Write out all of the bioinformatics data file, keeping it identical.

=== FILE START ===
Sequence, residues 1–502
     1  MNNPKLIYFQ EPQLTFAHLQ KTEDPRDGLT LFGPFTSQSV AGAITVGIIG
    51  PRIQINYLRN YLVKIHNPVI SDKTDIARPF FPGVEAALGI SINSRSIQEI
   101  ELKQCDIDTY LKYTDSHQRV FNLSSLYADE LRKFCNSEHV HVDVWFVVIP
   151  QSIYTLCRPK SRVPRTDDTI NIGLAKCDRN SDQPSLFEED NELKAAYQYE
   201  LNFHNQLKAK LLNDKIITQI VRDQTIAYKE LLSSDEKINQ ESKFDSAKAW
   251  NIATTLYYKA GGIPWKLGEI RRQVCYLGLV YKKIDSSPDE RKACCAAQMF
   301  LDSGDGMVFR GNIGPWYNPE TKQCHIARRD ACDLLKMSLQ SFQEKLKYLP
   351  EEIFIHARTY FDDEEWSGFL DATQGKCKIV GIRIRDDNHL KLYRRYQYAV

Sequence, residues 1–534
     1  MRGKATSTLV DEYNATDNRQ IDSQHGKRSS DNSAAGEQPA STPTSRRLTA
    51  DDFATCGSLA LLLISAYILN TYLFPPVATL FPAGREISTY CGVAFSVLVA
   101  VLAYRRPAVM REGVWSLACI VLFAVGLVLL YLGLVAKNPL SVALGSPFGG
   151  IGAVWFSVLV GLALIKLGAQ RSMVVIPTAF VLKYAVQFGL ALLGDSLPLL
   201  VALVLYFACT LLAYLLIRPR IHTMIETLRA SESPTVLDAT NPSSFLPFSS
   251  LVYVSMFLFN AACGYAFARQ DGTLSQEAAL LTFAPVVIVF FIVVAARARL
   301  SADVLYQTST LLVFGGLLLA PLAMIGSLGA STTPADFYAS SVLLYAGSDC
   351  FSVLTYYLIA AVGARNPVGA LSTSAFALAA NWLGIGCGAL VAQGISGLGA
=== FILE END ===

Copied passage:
Sequence, residues 1–502
     1  MNNPKLIYFQ EPQLTFAHLQ KTEDPRDGLT LFGPFTSQSV AGAITVGIIG
    51  PRIQINYLRN YLVKIHNPVI SDKTDIARPF FPGVEAALGI SINSRSIQEI
   101  ELKQCDIDTY LKYTDSHQRV FNLSSLYADE LRKFCNSEHV HVDVWFVVIP
   151  QSIYTLCRPK SRVPRTDDTI NIGLAKCDRN SDQPSLFEED NELKAAYQYE
   201  LNFHNQLKAK LLNDKIITQI VRDQTIAYKE LLSSDEKINQ ESKFDSAKAW
   251  NIATTLYYKA GGIPWKLGEI RRQVCYLGLV YKKIDSSPDE RKACCAAQMF
   301  LDSGDGMVFR GNIGPWYNPE TKQCHIARRD ACDLLKMSLQ SFQEKLKYLP
   351  EEIFIHARTY FDDEEWSGFL DATQGKCKIV GIRIRDDNHL KLYRRYQYAV

Sequence, residues 1–534
     1  MRGKATSTLV DEYNATDNRQ IDSQHGKRSS DNSAAGEQPA STPTSRRLTA
    51  DDFATCGSLA LLLISAYILN TYLFPPVATL FPAGREISTY CGVAFSVLVA
   101  VLAYRRPAVM REGVWSLACI VLFAVGLVLL YLGLVAKNPL SVALGSPFGG
   151  IGAVWFSVLV GLALIKLGAQ RSMVVIPTAF VLKYAVQFGL ALLGDSLPLL
   201  VALVLYFACT LLAYLLIRPR IHTMIETLRA SESPTVLDAT NPSSFLPFSS
   251  LVYVSMFLFN AACGYAFARQ DGTLSQEAAL LTFAPVVIVF FIVVAARARL
   301  SADVLYQTST LLVFGGLLLA PLAMIGSLGA STTPADFYAS SVLLYAGSDC
   351  FSVLTYYLIA AVGARNPVGA LSTSAFALAA NWLGIGCGAL VAQGISGLGA